ZFA President Jeremy Leibler said, “It is reassuring to witness the failure of South Africa’s egregious and cynical attempt to exploit the Genocide Convention in order to halt Israel’s legitimate right to defend itself and prevent Hamas’ capacity from pursuing its stated genocidal objectives against the State of Israel and the Jewish people”.
Mr Leibler continued, “Had South Africa’s efforts prevailed, it would have not only empowered Hamas but also set a dangerous precedent, encouraging other terrorist organisations globally to follow suit, thereby eroding the foundational principle of self-defence under international law”.
Mr Leibler concluded, “We welcomed Foreign Minister Penny Wong’s statement that she does not accept the premise of the South African case. We strongly believe that, in order to uphold the international rules-based order, Australia should make a third-party intervention in this case, urging the ICJ to dismiss these allegations. We call on the Government to do so.”
ZFA CEO Alon Cassuto added, “While we applaud the ICJ’s demand for the immediate and unconditional release of Israeli hostages in Gaza, we entirely reject the ICJ’s suggestion that there is a ‘plausible’ accusation against Israel. This accusation overlooks the substantial and transparent counterarguments presented by Israeli representatives, which clearly outline Israel’s strict adherence to minimising civilian casualties and the deceptive and illegal strategies employed by Hamas, including the use of human shields”.
Gazans getting sick of Hamas
There are more and more reports emerging of Gazans protesting against Hamas, and calling for an end to the war.
This leads us to ponder something. Vis-à-vis the future of Israeli-Palestinian relations, Palestinian society is broadly divided into three groups: those that want the entirety of what they call Palestine (i.e. including all of Israel) and think violence is the way to achieve it; those that realise Israel isn’t going anywhere but believe that violence is the way to achieve a Palestinian state on part of what they call Palestine; and those who realise Israel isn’t going anyway, but who also realise that negotiations – not violence – is the only way to achieve a viable Palestinian state. (See this still-relevant article from 2002 on the divisions of Palestinian society.)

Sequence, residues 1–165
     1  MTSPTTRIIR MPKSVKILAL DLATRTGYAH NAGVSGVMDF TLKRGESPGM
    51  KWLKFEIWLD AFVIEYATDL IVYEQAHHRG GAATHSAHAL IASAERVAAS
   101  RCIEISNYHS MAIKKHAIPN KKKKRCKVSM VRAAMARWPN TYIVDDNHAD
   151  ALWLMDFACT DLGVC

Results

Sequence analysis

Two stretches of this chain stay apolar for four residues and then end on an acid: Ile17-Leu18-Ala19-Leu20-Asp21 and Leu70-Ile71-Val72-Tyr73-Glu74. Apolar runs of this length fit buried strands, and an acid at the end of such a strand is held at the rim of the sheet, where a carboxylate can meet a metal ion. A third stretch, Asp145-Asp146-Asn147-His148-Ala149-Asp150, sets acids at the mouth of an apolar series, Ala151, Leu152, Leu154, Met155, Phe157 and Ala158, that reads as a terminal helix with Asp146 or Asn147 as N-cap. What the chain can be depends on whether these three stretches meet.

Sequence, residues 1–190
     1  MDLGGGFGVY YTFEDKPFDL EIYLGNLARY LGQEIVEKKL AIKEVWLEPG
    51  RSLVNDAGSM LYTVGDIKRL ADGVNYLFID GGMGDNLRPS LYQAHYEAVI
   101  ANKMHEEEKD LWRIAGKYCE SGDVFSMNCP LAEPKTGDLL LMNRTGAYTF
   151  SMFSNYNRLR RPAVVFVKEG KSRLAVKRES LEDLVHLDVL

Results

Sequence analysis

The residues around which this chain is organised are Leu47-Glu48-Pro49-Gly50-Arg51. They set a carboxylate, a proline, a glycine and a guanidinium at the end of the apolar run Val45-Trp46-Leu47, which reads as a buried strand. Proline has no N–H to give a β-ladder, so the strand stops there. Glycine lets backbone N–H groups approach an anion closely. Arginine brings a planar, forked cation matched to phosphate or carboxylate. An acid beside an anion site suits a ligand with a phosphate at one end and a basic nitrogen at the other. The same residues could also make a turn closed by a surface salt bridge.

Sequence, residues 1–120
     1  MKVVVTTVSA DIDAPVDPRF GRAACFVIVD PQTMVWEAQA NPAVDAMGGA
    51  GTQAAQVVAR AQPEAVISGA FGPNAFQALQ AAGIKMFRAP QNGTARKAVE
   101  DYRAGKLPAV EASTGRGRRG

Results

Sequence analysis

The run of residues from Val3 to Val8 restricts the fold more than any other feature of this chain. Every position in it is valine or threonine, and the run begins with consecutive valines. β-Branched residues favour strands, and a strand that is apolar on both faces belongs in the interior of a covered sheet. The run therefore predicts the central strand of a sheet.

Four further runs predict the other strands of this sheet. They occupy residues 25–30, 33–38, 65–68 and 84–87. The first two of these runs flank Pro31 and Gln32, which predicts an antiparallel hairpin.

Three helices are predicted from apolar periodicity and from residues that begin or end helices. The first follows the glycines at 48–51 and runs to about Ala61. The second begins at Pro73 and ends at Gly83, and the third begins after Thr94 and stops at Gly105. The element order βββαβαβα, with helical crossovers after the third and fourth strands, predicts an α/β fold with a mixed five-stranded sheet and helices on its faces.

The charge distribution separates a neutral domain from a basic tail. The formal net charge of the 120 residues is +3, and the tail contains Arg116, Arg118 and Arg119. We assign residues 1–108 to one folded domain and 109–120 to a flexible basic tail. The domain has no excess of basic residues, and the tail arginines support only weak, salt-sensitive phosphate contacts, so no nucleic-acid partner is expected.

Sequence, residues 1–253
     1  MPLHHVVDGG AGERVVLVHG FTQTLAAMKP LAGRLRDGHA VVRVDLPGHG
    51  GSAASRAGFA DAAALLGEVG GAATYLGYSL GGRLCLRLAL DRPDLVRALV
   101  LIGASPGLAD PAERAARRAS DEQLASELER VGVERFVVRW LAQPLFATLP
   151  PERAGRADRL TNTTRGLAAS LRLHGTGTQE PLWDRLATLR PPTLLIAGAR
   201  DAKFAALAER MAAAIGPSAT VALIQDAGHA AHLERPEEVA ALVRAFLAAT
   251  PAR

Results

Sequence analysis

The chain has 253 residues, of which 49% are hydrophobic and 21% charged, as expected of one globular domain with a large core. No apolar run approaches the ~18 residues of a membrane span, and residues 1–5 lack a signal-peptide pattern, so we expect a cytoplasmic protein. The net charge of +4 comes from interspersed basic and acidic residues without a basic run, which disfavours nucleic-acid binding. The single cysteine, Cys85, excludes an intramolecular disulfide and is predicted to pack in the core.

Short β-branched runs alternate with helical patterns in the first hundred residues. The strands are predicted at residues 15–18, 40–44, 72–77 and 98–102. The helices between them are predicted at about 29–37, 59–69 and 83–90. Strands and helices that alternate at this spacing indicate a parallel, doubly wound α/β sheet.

Two of these groups – who collectively easily make up the majority of Palestinian society – believe that violence is the way to achieve their objectives. This explains the consistently high numbers for questions like ‘do you support armed attacks against Israeli civilians inside the 1967 lines’? in polls carried out by the Palestinian Center for Policy and Survey Research. (An average of 48 per cent over the past three and a half years!)
So here’s a question worth posing: Gazans have now seen the consequences of Hamas’s attempt to commit genocide against the Israeli people – that is, death, destruction and displacement within Gaza because of the way Hamas entrenched itself amongst civilians. And now some Gazans are protesting against Hamas.
Will this war shift Palestinian society away from its support for violence? Is it at all possible that the great shift in Arab leadership opinion after 1973, and Palestinian Fatah leadership opinion after 1982 – that violence against Israel doesn’t make Israel go away – will be replicated within Palestinian society?
We certainly hope so. But in order for this to happen, we absolutely require the international community to make sure that any and all aid that goes into Gaza is only designed to build Palestine up, not tear Israel down – which is, sadly, the direction in which much of the last several decades worth of aid have gone.